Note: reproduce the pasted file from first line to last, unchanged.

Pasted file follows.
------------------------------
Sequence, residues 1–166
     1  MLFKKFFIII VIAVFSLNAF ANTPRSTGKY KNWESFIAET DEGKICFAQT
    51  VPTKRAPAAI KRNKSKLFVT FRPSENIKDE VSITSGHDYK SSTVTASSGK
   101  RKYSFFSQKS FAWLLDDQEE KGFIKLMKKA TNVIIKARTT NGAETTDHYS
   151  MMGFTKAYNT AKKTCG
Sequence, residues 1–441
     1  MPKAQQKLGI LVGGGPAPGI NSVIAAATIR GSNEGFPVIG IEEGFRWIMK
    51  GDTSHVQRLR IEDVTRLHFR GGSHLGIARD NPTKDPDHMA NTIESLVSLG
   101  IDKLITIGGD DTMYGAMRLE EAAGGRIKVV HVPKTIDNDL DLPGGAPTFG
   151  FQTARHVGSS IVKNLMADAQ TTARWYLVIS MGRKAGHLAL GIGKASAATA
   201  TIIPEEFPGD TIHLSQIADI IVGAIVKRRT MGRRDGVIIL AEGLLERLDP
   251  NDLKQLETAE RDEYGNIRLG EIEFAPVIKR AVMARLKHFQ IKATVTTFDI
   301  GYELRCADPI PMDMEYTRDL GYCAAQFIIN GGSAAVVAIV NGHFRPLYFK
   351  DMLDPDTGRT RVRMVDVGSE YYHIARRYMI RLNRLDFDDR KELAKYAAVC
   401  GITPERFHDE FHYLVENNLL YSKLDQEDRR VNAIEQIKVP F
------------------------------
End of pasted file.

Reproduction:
Sequence, residues 1–166
     1  MLFKKFFIII VIAVFSLNAF ANTPRSTGKY KNWESFIAET DEGKICFAQT
    51  VPTKRAPAAI KRNKSKLFVT FRPSENIKDE VSITSGHDYK SSTVTASSGK
   101  RKYSFFSQKS FAWLLDDQEE KGFIKLMKKA TNVIIKARTT NGAETTDHYS
   151  MMGFTKAYNT AKKTCG
Sequence, residues 1–441
     1  MPKAQQKLGI LVGGGPAPGI NSVIAAATIR GSNEGFPVIG IEEGFRWIMK
    51  GDTSHVQRLR IEDVTRLHFR GGSHLGIARD NPTKDPDHMA NTIESLVSLG
   101  IDKLITIGGD DTMYGAMRLE EAAGGRIKVV HVPKTIDNDL DLPGGAPTFG
   151  FQTARHVGSS IVKNLMADAQ TTARWYLVIS MGRKAGHLAL GIGKASAATA
   201  TIIPEEFPGD TIHLSQIADI IVGAIVKRRT MGRRDGVIIL AEGLLERLDP
   251  NDLKQLETAE RDEYGNIRLG EIEFAPVIKR AVMARLKHFQ IKATVTTFDI
   301  GYELRCADPI PMDMEYTRDL GYCAAQFIIN GGSAAVVAIV NGHFRPLYFK
   351  DMLDPDTGRT RVRMVDVGSE YYHIARRYMI RLNRLDFDDR KELAKYAAVC
   401  GITPERFHDE FHYLVENNLL YSKLDQEDRR VNAIEQIKVP F